On the distinction between international democracy and global democracy
At international meetings, top government representatives such as heads of state or foreign ministers often address the need of making the United Nations "more democratic" and "more representative." In recent times, for example, this was the case at the summit of the Non-Aligned Movement in August or at the Bali Democracy Forum that closed last week. The main theme in Bali was "Advancing Democratic Principles at the Global Setting" and "Democratic Global Governance."
Advocates of global democracy, however, need not hold their breath.
For the panelists in Bali, the main insight can probably be boiled down to the statement included in the conference report that "important decisions affecting global interests should reflect the views of the majority of countries and should not be determined by a small minority of powerful countries."
As Pitan Daslani stressed in the Jakarta Globe, one of the main worries was the reform of the UN Security Council. For them, democratizing the UN primarily means to strengthen the principle of equality of states (that is, the UN General Assembly), to enlarge the UN Security Council (that is, make it more representative), and to get rid of the privileges of the Council's permanent five members.
In the "final document" of the Non-Aligned Summit that runs over more than 160 pages, it sounds like this:The Movement reiterated its strong concern at the growing resort to unilateralism and unilaterally imposed measures that undermine the UN Charter and international law, and further reiterated its commitment to promoting, preserving and strengthening multilateralism and the multilateral decision making process through the UN, by strictly adhering to its Charter and international law, with the aim of creating a just and equitable world order and global democratic governance, and not one based on monopoly by the powerful few;
These aims might or might not be laudable. The point is that it's an incomplete and narrow approach. The underlying assumption is that "democratic global governance" is accomplished once the principle of sovereign equality of states is fully reflected in international decision-making. In a previous post I have tried to show that this is anything but democratic.
Former UN Secretary-General Boutros Boutros-Ghali who will celebrate his 90th birthday this week, has made it quite clear in this article that there is an important distinction between international democracy and global democracy.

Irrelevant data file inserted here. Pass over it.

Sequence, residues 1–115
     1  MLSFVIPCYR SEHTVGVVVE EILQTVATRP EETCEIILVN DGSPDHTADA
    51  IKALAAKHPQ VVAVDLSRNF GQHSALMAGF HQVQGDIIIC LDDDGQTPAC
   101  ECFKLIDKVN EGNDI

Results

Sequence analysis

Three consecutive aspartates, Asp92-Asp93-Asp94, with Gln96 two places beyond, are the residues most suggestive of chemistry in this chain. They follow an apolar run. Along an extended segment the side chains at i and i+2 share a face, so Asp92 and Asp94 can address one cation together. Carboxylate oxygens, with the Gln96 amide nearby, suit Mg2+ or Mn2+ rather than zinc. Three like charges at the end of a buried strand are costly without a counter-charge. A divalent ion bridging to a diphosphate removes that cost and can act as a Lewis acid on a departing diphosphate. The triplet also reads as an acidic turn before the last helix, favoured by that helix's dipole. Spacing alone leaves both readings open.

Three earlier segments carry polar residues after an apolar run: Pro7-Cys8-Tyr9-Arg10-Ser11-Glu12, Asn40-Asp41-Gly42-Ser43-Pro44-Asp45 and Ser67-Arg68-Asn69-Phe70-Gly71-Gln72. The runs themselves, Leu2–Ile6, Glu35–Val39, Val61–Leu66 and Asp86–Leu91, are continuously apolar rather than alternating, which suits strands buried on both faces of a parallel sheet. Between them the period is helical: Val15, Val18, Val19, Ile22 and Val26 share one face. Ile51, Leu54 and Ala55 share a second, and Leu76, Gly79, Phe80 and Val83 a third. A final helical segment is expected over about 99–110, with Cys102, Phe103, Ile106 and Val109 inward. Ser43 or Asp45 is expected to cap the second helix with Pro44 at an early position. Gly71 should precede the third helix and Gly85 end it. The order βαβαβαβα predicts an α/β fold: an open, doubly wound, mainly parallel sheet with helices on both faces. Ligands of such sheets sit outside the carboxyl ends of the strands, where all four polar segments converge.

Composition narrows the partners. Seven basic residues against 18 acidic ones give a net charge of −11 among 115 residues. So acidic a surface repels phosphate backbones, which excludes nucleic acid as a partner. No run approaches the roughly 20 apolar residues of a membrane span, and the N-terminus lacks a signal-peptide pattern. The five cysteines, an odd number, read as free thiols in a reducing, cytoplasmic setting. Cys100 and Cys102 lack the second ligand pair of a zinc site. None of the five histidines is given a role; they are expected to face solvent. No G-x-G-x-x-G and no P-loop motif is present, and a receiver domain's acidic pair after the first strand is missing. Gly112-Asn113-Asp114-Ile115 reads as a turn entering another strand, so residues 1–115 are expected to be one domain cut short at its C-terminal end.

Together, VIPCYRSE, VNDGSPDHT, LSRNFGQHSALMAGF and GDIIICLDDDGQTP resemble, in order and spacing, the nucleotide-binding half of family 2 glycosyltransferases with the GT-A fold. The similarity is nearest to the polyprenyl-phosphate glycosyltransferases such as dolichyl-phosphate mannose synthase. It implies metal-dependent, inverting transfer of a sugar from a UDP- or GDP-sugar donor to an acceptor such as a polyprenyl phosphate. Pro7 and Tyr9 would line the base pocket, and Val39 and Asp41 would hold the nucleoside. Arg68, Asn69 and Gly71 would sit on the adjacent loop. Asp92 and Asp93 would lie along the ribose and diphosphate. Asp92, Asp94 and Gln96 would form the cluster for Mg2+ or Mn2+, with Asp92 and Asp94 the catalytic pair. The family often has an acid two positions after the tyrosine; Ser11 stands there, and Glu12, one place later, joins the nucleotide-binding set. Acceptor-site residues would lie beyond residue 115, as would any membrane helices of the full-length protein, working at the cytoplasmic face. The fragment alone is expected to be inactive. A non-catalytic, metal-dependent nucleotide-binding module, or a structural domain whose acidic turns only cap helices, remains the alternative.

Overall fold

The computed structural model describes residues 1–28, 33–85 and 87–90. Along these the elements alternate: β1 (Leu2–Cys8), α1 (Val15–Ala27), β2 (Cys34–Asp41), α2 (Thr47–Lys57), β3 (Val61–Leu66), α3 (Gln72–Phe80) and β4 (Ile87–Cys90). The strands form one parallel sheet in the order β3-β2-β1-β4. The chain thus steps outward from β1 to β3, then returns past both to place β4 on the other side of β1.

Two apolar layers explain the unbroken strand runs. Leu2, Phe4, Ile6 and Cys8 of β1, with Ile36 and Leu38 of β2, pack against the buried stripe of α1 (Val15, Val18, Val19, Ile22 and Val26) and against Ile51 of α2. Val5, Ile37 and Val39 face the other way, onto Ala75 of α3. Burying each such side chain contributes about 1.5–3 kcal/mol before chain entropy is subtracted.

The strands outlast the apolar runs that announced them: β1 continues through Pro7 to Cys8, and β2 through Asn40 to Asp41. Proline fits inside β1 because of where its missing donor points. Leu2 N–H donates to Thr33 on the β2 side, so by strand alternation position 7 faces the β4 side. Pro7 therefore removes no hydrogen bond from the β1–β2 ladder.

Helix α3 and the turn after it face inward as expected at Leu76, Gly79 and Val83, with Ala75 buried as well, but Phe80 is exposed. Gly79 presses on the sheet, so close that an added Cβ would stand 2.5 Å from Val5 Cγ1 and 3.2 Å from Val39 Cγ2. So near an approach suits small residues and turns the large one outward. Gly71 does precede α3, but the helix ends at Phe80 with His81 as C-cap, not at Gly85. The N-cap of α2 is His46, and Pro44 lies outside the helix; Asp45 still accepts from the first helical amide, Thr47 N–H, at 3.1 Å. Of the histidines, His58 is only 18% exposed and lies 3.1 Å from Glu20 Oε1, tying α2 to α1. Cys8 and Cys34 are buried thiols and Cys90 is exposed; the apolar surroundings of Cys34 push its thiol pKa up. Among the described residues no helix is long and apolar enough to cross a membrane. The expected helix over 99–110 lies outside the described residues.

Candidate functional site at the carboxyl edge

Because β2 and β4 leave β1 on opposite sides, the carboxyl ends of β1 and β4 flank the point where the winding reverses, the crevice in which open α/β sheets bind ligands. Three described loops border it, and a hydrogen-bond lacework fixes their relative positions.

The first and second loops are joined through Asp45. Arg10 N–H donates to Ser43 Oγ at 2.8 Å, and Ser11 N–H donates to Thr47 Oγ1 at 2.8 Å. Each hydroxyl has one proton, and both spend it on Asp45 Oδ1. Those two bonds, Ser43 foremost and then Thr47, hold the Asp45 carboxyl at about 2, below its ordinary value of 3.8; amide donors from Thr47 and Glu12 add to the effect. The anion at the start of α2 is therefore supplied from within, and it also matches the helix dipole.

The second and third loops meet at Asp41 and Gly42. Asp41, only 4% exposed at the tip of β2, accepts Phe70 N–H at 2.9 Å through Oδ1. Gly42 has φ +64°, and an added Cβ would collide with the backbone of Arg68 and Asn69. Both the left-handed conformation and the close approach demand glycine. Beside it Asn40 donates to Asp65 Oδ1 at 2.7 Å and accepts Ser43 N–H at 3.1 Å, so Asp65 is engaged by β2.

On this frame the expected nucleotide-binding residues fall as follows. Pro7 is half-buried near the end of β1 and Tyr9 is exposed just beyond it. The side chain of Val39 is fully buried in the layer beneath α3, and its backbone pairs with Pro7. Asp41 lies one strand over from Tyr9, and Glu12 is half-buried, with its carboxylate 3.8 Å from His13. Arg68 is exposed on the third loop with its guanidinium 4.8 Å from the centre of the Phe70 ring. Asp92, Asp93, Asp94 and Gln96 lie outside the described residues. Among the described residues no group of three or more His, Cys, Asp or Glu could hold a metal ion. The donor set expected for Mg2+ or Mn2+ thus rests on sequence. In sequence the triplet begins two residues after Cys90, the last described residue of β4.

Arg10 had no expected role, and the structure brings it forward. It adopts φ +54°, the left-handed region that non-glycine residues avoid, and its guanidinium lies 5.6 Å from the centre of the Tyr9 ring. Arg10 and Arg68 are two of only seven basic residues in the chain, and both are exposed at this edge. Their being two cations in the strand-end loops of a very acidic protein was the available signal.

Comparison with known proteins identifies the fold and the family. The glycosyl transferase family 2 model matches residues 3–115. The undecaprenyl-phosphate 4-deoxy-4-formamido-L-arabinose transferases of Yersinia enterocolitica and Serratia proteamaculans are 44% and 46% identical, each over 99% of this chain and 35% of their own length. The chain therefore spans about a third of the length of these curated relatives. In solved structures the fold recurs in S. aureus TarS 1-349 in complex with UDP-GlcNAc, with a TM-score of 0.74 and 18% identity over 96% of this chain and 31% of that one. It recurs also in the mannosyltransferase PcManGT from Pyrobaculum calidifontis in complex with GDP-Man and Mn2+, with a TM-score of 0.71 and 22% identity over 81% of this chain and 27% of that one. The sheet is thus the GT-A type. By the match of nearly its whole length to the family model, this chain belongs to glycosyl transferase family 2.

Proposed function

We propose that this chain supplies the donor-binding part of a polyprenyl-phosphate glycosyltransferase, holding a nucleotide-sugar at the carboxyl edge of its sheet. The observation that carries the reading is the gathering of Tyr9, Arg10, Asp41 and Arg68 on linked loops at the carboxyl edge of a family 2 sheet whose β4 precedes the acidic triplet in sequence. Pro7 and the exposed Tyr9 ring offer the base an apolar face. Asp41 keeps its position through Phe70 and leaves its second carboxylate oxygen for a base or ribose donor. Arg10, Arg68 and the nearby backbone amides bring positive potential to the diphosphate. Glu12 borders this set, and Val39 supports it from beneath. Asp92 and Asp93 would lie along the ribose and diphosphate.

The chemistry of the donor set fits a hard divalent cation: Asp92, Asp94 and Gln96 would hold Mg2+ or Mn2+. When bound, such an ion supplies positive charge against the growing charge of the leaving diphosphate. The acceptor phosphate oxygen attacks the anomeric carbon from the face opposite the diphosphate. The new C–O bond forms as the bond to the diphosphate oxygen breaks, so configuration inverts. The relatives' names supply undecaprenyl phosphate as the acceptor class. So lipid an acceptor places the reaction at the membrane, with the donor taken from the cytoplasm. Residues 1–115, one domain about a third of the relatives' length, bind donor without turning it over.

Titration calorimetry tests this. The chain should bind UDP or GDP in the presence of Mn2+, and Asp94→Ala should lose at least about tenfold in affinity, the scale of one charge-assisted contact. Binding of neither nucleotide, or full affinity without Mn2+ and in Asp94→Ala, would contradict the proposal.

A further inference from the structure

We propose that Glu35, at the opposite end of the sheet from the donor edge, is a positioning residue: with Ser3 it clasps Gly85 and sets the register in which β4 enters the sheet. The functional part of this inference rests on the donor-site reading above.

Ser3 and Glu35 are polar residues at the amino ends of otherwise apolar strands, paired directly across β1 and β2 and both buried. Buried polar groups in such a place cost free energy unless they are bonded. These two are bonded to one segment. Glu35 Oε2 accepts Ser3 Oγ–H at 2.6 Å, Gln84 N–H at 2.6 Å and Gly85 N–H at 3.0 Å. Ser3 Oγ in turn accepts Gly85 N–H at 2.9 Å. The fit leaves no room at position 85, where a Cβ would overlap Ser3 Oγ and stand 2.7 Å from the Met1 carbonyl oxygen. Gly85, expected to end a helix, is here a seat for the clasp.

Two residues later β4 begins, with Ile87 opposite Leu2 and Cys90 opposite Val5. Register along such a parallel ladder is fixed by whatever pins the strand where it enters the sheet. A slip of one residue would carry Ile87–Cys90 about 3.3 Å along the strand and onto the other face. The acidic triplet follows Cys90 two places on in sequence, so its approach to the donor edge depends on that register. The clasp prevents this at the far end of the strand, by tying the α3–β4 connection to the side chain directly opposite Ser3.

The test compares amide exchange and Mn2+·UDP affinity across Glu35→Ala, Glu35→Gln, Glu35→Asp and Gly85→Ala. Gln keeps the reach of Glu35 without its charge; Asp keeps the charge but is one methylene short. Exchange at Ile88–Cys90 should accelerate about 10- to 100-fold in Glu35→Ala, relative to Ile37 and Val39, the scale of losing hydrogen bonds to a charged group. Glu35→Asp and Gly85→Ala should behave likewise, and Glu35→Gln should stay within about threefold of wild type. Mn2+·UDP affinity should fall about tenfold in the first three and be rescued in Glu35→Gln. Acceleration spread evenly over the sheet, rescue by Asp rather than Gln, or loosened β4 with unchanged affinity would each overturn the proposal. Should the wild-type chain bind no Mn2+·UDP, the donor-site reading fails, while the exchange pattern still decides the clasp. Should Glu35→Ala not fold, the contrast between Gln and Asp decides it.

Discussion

When governments talk about global democratization or democratizing the UN, they refer to the concept of international democracy, that is, the relationship between governments in the international arena and in international bodies. However, in a proper use of the term, global democracy is something very different. It's a "third dimension of democratization," as Boutros-Ghali writes, namely "developing global democracy beyond states." Global democracy in this sense deals with the status of the world's citizens in the global order.
Now here are some of the most important differences between international and global democracy (and for sure there are more):
- The unit of concern in international democracy is the states whereas in global democracy it's the citizens.
- The starting point of international democracy is national independence whereas in global democracy it's global interdependence.
- The main paradigm of international democracy is the sovereign equality of states whereas in global democracy it's the equality of all human beings.
- Representation in international democracy is achieved through officials who are appointed by the executive branch of national governments whereas in global democracy it is achieved through citizen-elected representatives, that is, parliamentarians.
- The perspective prevalent in international democracy is national interests whereas in global democracy it's the common planetary interest of all human beings.
There is nothing innovative about international democracy. It's a state-centric ideology that is not necessarily appealing as such. People want more than that today. With regard to the Bali Democracy Forum, Ignas Kleden, the chair of the Indonesian Community for Democracy, has asked in an OpEd: "Who's event is it?", stressing the desire of civil society to be better included in this intergovernmental forum.
If we ask "Who's UN is it?", the answer is still quite clear. As yet, there's no government I know of that has clearly endorsed the idea of global democracy in it's proper meaning.
A UN Parliamentary Assembly would be a way of reconciling international and global democracy. Embracing elements of global democracy by supporting a UN Parliamentary Assembly would make initiatives such as the Bali Democracy Forum much more credible, appealing, and forceful.